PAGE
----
Pineapples are a great source of valuable enzymes, vitamin C, dietary fiber, and antioxidants. Summer is the perfect time to enjoy this tasty tropical fruit, but trying to pick the perfect pineapple doesn’t have to be a hit-and-miss effort.
Pineapple season is March through July in Hawaii where they peak in April/May. They will not ripen nor will they become sweeter after they’re harvested. Pineapples do not have extra starch reserves, like bananas or pears, which can easily be converted into sugar after they’re picked. To select one of these popular Hawaiian jewels:
- Look for a pineapple that has a nice golden color with fresh, deep-green leaves.
- Avoid a pineapple with any bruises, brown dry leaves, mold, or soft spots.
- Tug on a leaf from the middle. If the pineapple is ripe, it should slide out easily.
- Smell it — ripe pineapples should smell fresh and fragrant at the stem end. (Pineapples ripen from the bottom up.)
When you twist the crown of leaves, they should twist off easily indicating the fruit was picked ripe. Enjoy pineapples as a healthy snack, in marinades, salads, salsas, desserts, and as a complement to meat, chicken, or fish.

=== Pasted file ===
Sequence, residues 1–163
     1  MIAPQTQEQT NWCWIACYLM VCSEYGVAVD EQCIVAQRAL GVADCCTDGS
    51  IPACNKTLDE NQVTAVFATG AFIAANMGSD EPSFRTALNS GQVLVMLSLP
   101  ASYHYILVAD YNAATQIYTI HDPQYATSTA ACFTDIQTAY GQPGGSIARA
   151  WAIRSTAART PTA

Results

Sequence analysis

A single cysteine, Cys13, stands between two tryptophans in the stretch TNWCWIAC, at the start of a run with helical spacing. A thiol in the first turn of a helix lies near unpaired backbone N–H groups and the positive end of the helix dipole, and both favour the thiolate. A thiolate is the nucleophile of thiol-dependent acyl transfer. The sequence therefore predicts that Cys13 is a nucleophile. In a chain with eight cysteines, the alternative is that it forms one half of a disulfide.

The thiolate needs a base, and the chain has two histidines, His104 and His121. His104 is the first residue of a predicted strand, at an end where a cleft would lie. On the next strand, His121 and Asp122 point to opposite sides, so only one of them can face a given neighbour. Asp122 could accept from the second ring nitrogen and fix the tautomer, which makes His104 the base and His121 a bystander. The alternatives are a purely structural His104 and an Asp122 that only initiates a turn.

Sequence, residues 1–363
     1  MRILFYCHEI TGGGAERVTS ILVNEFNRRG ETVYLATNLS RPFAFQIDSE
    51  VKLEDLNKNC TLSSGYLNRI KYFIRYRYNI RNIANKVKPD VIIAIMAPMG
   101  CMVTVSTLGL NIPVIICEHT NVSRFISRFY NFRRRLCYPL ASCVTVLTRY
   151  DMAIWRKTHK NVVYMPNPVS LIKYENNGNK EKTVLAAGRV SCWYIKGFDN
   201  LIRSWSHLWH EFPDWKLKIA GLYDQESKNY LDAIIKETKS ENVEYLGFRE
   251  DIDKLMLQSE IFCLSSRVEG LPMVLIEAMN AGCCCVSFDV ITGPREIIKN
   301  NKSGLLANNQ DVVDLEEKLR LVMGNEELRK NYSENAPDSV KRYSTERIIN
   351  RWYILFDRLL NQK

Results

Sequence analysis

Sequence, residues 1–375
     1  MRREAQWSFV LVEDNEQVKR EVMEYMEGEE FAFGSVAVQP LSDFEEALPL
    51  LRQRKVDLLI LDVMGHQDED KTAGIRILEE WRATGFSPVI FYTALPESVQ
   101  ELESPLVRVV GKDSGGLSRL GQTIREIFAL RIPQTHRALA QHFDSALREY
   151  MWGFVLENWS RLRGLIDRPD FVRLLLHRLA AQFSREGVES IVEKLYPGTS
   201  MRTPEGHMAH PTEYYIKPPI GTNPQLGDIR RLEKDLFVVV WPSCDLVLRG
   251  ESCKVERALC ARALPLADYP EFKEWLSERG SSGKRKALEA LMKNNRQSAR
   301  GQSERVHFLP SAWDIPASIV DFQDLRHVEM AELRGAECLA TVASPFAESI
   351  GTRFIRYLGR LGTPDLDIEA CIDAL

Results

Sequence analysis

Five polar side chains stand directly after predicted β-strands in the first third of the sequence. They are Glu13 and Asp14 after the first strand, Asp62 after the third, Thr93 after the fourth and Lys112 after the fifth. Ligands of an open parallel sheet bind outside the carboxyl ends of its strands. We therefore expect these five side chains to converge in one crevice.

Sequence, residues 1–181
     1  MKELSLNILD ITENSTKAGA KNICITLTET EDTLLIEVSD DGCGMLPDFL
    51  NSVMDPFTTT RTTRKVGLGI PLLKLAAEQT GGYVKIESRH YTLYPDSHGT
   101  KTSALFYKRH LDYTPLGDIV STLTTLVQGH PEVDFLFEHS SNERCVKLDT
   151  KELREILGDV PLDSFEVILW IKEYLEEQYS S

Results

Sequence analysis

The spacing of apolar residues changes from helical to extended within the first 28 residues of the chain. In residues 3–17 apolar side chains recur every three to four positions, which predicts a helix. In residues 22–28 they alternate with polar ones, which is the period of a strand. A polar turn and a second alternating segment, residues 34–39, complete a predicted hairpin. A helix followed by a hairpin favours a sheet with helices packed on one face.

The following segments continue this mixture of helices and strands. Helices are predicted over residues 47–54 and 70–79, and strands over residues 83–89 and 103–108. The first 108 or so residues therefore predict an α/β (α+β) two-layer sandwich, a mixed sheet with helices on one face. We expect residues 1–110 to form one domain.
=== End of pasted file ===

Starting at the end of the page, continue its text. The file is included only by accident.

Bromelain is a proteolytic enzyme (protease) that breaks down proteins. In meat, bromelain divides the protein in collagen that gives muscle tissue its shape. (Papain, the enzyme in papaya, is also used for this purpose.)
Bromelain is sold commercially as a tenderizer in powdered form. When the enzymes penetrate the meat, the meat loses its firmness and becomes palatable when cooked, but may become too mushy if left on the meat too long. Some meat dishes are prepared with pineapple for both their flavor and tenderizing properties.
Fit Tip: To receive the full benefits of the enzymes, eat it fresh, not cooked or canned, because heat deactivates the enzymes (above 65 °C/149°F). Commercial pineapple juice is pasteurized, so the enzymes are destroyed in the heating process.
To soften and increase the juiciness of your pineapple, leave it at room temperature for up to two days and turn it upside down (a tip from my uncle who owned a pineapple plantation on Lānaʻi — the Pineapple Island). Since the juices settle at the bottom, this process allows them to spread throughout the pineapple, so you can enjoy its juice in every bite. Aloha!
© 2009 Karen Owoc and The Health Reporter™. All Rights Reserved.